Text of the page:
Practical Web Scraping Tips to Avoid Getting Blacklisted

  Web scraping, if done correctly, can help you extract tons of useful data from your competitor websites. You can use this data to derive SEO insights, public opinion, and a brand’s online reputation.

Practical Web Scraping Tips to Avoid Getting Blacklisted

  Scraping is an entirely automated process that requires minimal human effort. Though it might sound beneficial, this automation can post some challenges. Most websites have anti-scraping detectors in place to detect such programmed crawlers.

  Let’s take a look at how you can dodge these detectors and scrape websites without getting blacklisted.

  1. IP Rotation

  If you send multiple requests from the same IP, you’re inviting a blacklisting action. Nowadays, most websites have scraping detection mechanisms in place that detect scraping attempts by IP address examination. When a site receives multiple requests from the same IP, the detector blacklists the IP address.

  To avoid this, use IP rotation. It’s the process of distributing IP addresses assigned to a device at randomly scheduled intervals.

  Using a proxy is the easiest way to distribute IP addresses. These programs route your requests through different IP addresses, thereby masking your real IP.

  2. Use the Right Proxy

  As discussed, using a proxy server can protect you from being blacklisted. It sends multiple requests to the target website using different IP addresses, which prevents the scraping detector from triggering.

  However, it’s essential to use the right proxy server. Using a single IP in the proxy server won’t protect you from getting blocked. You’ll need to create a cluster of different IP addresses and use them to randomize your routing requests.

  It’s also vital to pick the right type of proxy server. Cheap alternatives, like public and shared proxies, are available. Though these proxies are cost-effective, they are often blocked or blacklisted. For the best results, always opt for dedicated proxy servers and residential proxies.

  3. Browser Fingerprint

  Websites include anti-scraping links that are invisible to regular website visitors. Also known as honeypots, these links are in the form of an HTML code and are visible only to web scrapers. These links are also called honeypot traps because website owners use them to “trap” the scraper.

  As discussed, these links aren’t visible to human visitors. If a visitor accesses the honeypot, the website identifies that it’s an automated scraper and not a human. The anti-scraping tool then fingerprints the properties of your requests and blocks you immediately.

  Therefore, when developing a scraper, double-check for honeypot traps. Make sure your scraper only follows visible links to avoid anti-scraping triggers.

  4. Headless Browser

  Anti-scraping detection mechanisms have advanced a lot. Websites can easily detect minor details like browser cookies, web fonts, and extensions to ascertain whether the requests are coming from a real visitor or a programmed crawler. To overcome this hurdle, use a headless browser.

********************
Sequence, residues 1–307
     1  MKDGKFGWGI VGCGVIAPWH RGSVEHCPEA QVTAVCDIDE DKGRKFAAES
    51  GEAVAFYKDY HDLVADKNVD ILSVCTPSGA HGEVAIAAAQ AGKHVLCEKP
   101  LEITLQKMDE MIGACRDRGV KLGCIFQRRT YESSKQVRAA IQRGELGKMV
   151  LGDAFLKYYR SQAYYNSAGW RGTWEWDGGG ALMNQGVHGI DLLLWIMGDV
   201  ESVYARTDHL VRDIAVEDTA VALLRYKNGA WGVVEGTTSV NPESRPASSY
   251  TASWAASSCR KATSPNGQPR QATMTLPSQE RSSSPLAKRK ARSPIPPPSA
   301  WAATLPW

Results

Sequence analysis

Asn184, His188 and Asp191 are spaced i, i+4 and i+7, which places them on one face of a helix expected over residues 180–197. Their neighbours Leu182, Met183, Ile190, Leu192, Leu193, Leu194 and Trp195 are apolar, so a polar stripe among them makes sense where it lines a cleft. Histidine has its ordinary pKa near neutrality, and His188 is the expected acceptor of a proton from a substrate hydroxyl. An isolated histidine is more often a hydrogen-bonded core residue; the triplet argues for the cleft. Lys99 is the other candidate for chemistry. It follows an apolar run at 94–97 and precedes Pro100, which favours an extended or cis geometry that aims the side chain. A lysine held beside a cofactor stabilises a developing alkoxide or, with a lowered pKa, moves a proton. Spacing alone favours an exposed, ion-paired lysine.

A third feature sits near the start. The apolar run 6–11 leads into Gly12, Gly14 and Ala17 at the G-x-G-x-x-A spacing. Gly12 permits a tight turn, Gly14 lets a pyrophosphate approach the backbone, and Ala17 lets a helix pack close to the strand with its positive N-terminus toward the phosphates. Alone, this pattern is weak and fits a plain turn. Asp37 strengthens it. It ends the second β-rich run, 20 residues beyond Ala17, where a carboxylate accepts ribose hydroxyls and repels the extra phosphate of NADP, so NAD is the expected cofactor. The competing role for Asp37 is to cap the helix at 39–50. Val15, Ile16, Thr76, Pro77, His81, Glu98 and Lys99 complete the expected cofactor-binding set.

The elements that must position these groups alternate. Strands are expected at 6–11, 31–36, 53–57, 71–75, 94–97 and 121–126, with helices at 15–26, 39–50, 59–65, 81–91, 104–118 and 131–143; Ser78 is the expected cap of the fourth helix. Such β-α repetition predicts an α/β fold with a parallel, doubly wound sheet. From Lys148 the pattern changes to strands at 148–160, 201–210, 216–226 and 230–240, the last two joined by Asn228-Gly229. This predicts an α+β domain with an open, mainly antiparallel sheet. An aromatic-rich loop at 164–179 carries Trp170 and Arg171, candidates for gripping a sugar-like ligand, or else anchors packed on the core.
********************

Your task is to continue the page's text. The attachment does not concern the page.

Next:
A headless browser doesn’t have a graphical user interface (GUI). These browsers offer automated control of the website page in an environment similar to regular web browsers. But you can execute them with a network communication or via a command-line interface.

  5. Detect Website Changes

  Website owners change the layout of their websites constantly. It can be due to many reasons, as redesigning website layout offers several benefits. It rejuvenates the website, optimizes it, and makes it load faster, thereby improving website performance.

  However, changes in website layouts can affect your scraping efforts. If your scraper isn’t prepared for the change, it’ll abruptly stop the scraping process when it enters a new environment.

  To avoid this issue, run thorough testing of the website you plan to scrape. Detect all the changes and program your crawler accordingly to ensure it doesn’t stop in a changed layout.

  6. Time Your Requests

  Businesses want to complete their scraping activities as soon as possible. They wish to fetch masses of data in the shortest possible time. However, when a human browses the website, the action is considerably slow compared to an automated program. This makes it easy for anti-scraping tools to detect scraping attempts.

  You can resolve this issue by adequately timing your scraping requests. Don’t overload the site with too many requests. Put a time delay between requests and limit coincident page access to 1-2 pages only. In all, treat the website nicely and with respect, and you’ll be able to scrape it without any issues.

  7. Deploy Different Scraping Patterns

  How do you browse a website? Does it include random clicks and views or a set pattern every time? Humans have an arbitrary browsing pattern. They’ll stay in a section for ten minutes; then they’ll skip the next couple sections, and then wait in another section for five minutes.

  Web scrapers, however, follow a predefined, programmed pattern, which is easily detected by the anti-scraping tools. To avoid this, make your web scraping more human. Change your scraping pattern from time to time. Also, include mouse movements, waiting time, and random clicks.